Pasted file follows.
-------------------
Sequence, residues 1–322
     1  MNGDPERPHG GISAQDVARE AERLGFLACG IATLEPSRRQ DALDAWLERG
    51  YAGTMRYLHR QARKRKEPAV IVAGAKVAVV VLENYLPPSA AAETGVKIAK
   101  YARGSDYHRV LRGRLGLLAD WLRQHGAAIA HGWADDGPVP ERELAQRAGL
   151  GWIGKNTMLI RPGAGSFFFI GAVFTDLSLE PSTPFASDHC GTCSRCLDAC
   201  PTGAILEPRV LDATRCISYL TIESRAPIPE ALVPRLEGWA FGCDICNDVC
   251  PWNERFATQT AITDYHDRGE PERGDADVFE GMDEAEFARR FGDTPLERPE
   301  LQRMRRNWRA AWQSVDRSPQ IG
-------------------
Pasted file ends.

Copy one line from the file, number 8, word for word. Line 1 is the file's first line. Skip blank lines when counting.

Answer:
   301  LQRMRRNWRA AWQSVDRSPQ IG